Opinions/stories/advice/etc. from others who have worked in PCI compliance or have experience with PCI is greatly appreciated but I'd like to hear what anybody has to say.

Comments

  • JoJoCal19JoJoCal19 California Kid Posts: 2,801Mod Mod
    My response would be, a roof over your head and food on your plates is most important, but in actuality the most important thing, is to make sure that you cannot be held criminally responsible, or even personally responsible should one of the companies have a breach and it makes it way back to you putting your name on falsified documents. I have not dived into PCI so I don't know if what I mentioned could happen, but as I work for one of the nations largest financial firms I plan on it next year.
    Have: CISSP, CISM, CISA, CRISC, eJPT, GCIA, GSEC, CCSP, CCSK, AWS CSAA, AWS CCP, CEHv8, CHFIv8, ITIL-F, MS Cyber Security - USF, BSBA - UF, MSISA - WGU
    Currently Working On: Python, OSCP Prep
    Next Up:​ OSCP
    Studying:​ Code Academy (Python), Bash Scripting, Virtual Hacking Lab Coursework
  • darkerosxxdarkerosxx Posts: 1,343Banned
    I know a lot about PCI and my response is to run far far away before you end up in jail. Seek out another job and move when it makes financial sense for you to do so.

    IMO, you should also report this because its giving a bad name to real companies who actually are compliant as well as to the standard.

    It's a horrible business idea to think people seek you out to help them get compliant, you just say they're compliant, and you're done. Not only does that not make for a good business strategy, you're also losing out on the billable hours helping them fix their actual problems. If they fire the company for not being complicit in fraud and giving them a fake PCI, then good riddance, unless you want to be in the literal business of fraud.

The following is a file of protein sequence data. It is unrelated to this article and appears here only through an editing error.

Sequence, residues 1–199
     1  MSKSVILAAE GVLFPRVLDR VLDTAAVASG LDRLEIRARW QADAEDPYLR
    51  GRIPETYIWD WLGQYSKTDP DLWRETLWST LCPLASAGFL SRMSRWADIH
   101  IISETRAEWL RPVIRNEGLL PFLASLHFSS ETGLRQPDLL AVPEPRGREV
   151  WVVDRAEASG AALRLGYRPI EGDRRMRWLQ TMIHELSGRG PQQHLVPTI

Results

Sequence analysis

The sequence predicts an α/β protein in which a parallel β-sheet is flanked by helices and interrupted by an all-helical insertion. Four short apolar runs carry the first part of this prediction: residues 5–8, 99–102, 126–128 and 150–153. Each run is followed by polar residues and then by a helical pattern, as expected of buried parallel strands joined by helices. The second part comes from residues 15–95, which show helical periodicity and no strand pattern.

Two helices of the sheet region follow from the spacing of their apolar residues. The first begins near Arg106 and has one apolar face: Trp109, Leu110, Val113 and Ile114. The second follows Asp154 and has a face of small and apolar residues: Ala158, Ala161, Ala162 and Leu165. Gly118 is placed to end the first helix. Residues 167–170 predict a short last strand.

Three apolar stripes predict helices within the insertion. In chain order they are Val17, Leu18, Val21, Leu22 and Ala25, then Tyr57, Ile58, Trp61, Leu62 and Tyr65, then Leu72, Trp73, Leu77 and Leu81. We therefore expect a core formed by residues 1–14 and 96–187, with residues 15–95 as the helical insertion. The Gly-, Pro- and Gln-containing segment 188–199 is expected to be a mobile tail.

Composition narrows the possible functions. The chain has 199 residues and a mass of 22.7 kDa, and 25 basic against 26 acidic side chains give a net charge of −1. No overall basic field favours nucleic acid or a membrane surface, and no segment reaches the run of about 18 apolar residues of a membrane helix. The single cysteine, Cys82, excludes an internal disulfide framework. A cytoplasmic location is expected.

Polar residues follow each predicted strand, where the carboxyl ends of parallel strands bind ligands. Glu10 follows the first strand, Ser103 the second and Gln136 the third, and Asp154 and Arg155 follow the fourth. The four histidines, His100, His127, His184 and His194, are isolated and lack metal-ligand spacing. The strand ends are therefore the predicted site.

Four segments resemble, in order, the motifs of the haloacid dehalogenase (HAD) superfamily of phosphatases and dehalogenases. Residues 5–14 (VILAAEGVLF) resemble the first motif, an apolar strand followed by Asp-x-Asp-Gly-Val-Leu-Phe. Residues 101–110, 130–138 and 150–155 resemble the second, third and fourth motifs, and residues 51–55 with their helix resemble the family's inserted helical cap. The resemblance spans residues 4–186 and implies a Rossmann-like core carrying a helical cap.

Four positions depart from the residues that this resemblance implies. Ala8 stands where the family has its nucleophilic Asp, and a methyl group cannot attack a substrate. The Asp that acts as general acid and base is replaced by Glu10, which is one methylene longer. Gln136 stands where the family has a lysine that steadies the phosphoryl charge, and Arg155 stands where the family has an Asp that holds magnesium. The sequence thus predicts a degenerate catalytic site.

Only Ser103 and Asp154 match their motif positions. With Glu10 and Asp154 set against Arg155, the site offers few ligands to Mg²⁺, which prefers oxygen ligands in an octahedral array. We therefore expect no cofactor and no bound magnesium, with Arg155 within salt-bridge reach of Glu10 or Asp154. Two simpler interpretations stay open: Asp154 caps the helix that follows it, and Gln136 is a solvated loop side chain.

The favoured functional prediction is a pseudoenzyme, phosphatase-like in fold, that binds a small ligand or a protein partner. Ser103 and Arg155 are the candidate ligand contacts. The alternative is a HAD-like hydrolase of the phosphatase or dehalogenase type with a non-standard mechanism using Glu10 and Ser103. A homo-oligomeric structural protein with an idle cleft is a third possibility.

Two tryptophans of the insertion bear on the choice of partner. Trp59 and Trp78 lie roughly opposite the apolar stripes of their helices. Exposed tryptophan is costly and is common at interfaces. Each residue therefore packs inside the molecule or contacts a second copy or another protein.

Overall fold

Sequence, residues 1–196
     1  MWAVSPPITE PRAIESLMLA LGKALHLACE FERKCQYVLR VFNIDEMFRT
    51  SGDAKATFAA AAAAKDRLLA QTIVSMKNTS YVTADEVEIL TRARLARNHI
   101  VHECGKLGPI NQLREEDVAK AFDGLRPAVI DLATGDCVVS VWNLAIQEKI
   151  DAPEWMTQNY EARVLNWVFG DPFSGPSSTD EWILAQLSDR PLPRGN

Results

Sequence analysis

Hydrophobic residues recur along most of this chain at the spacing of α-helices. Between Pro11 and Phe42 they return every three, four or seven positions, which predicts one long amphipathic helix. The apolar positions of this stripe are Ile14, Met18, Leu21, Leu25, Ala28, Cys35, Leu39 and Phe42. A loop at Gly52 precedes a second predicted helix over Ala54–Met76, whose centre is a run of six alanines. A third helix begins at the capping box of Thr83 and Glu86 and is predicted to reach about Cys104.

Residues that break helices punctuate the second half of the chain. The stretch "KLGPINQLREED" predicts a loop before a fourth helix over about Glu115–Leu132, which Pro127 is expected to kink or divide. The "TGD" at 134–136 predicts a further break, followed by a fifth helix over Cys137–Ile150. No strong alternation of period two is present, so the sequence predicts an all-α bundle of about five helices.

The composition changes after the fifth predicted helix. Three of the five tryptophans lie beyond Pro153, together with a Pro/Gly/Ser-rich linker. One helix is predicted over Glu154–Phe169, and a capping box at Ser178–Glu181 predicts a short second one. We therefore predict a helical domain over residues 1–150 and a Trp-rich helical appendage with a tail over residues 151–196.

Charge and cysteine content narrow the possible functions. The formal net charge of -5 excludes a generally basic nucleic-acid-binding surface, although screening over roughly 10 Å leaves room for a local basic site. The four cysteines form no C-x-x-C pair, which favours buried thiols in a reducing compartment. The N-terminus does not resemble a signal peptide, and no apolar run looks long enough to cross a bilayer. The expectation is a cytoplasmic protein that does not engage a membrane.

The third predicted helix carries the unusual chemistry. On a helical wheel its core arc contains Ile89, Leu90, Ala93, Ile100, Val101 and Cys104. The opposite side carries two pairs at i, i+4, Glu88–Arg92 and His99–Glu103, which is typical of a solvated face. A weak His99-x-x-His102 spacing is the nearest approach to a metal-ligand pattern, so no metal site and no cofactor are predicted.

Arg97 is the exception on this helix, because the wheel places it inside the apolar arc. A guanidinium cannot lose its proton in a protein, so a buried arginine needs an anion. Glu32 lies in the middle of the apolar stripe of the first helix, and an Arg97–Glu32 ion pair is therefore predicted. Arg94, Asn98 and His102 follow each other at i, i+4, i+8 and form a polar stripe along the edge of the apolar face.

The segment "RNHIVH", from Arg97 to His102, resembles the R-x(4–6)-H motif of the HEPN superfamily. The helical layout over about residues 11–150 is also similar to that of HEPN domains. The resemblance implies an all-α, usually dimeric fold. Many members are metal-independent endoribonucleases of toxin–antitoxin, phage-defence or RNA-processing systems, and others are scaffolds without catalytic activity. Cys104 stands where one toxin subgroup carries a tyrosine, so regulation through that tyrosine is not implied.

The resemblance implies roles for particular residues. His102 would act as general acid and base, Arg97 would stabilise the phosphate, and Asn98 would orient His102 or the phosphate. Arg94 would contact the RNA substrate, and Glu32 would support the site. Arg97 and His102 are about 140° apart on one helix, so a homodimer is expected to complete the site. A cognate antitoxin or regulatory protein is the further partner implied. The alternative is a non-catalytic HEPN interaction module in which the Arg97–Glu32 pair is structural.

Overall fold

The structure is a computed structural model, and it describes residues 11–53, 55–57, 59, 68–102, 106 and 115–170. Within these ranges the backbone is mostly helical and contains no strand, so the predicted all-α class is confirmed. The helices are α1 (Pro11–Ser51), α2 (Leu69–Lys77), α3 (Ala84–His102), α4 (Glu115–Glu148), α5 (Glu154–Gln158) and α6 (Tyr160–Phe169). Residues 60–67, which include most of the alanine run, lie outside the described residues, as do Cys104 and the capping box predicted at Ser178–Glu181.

• 5ekurity5ekurity Posts: 346Member ■■■□□□□□□□
    I did some PCI work when I was in consulting, and I agree with darkerosxx - get out of there. Your name and reputation isn't worth being tarnished over what a company mandates is right or wrong. The PCI Council would probably have a field day with them too. I would do what you need to do while actively searching for new employment, and consider reporting this to the council (of course it's easier for all of us to say that when we're not the ones working for the company - do what you feel most comfortable with).

    Unfortunately I have a feeling that there are more than a few businesses out there that run this type of game.
  • LionelTeoLionelTeo Posts: 526Member ■■■■■■□□□□
    I only understand from CISSP code of ethics would be that ethics is place to be the most important point, with law in second. You had a very good reason to move on to another company. Otherwise if there is a problem and if it escalate, you would probably lose more than just a paycheck. Consider the risk of not being able to work in IT, or any other financial sector again, that would be a much larger blow to your career.